Barnesite Dog and Pony Show
plf13 at it.canterbury.ac.nz
Sat Feb 16 22:22:28 MST 2002
Dave Altman writes:
>Lately "The Militant," paper of the Barnesite US Socialist Workers Party,
>has been making much of the organization's latest "turn," toward "creating
>branches in workers' communities." That the latest "turn" is yet another
>dog and pony show is illustrated by this item in the Feb. 18 "Militant."
>Note that while the Barnesite's new hall was "filled to capacity," only
>twenty people were in attendance, and this included Barnesites shipped in
>from Atlanta and North Carolina.
What get's me is that they are now into the 'third turn' or the third
something-or-other 'for the turn'. Given that the first two 'turns'
managed to shake out about five-sixths of the membership, perhaps Barnes is
planning to finish them off entirely with this one!
Also, haven't we seen this before? In the mid-70s, wasn't there a move to
working class communities, organising committees, and so on - based on the
Great Leader's view that the radicalisation of the late 60s/early 70s was
'deepening' and would not be reversed without the qestion of power being
posed in the US?
Has this guy ever been right about anything in the past 30-odd years?
If he was CEO of a serious company, rather than dictator of a cult, he'd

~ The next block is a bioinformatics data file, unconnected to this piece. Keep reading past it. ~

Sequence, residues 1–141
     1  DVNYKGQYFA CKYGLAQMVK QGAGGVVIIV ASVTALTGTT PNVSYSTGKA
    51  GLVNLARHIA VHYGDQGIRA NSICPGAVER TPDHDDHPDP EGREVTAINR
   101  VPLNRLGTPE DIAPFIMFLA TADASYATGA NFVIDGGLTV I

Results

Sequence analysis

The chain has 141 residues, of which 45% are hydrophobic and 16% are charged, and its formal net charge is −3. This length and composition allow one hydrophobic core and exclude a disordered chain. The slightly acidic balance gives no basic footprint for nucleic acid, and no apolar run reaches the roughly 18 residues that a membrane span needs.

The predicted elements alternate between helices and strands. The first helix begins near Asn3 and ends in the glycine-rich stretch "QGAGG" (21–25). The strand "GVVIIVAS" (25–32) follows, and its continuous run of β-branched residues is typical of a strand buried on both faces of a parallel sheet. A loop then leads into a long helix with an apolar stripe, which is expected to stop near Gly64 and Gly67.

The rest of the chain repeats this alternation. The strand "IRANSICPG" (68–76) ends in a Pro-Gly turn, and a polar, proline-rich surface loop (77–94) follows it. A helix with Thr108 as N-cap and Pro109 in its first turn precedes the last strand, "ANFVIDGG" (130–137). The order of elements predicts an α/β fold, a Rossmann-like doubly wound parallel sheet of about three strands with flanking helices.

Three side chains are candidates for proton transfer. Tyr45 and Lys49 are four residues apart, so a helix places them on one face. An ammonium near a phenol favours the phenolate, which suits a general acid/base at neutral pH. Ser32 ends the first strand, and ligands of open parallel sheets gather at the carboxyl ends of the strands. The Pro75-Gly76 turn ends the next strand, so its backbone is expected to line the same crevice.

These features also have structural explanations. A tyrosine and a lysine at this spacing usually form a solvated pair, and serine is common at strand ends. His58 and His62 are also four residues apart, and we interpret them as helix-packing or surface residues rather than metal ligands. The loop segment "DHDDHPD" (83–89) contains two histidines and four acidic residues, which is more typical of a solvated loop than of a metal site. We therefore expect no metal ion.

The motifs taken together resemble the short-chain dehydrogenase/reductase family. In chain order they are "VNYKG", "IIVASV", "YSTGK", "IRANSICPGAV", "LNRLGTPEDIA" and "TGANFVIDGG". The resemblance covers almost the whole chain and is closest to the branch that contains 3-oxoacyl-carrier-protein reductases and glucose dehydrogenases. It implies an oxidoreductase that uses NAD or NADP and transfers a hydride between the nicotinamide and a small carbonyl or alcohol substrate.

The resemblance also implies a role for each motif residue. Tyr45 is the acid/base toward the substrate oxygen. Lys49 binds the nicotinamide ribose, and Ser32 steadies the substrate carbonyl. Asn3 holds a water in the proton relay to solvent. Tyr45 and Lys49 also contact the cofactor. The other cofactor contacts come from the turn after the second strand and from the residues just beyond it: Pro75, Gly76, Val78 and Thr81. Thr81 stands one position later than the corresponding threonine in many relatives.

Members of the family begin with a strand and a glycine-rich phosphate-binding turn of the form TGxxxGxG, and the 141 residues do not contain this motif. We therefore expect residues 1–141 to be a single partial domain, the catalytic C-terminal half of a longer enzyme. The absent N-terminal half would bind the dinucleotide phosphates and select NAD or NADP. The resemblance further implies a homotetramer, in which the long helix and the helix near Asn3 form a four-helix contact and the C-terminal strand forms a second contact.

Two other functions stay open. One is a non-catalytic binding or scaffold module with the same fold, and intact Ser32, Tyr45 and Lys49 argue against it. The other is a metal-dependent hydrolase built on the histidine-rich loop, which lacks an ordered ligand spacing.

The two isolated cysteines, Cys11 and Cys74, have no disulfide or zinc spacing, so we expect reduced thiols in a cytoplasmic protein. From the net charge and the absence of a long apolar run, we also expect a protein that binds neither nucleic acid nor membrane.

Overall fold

have been sacked years ago.
On the other hand, maybe the members think that where there's so much
horse-shit there must surely be a pony.
On another amusing note, they have a front-page article in the 'Militant'
on the Bloody Sunday march in Derry (at least they don't call it
Londonderry any more!). The reporter tries to sound like she knows
something about Ireland, but rapidly makes a number of mistakes. Thus she
refers to coaches going to the march from "Galloway in the west of
Ireland". Presumably, she means Galway.
Then she talks about entertainer Christie Moore. Presumably, this is the
Irish singer/songwriter Christy Moore. Since Christy is a common Irish
name, and everyone in Ireland knows who Christy Moore is, it's rather odd
she has it mixed up with the surname of a black British athlete.
The article also refers to the 'Republic', although for republicans the
'Republic' was actually established in 1918/19 and overthrown in a
counter-revolution in 1921-3. The article's author, by contrast, seems to
be talking of the southern state - which is never *ever* referred to as the
'Republic' by republicans.
Since the gods have obviously made the Barnesites mad, all we are now
awaiting is their (obviously imminent) destruction.
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